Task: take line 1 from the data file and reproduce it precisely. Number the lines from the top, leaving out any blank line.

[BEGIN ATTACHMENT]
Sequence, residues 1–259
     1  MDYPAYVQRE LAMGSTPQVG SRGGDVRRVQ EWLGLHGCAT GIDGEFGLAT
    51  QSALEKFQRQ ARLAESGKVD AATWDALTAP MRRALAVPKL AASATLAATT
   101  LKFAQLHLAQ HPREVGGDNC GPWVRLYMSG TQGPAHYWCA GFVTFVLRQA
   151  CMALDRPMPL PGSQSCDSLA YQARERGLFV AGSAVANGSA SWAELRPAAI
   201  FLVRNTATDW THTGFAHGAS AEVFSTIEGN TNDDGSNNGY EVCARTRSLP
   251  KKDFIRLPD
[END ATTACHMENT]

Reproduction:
Sequence, residues 1–259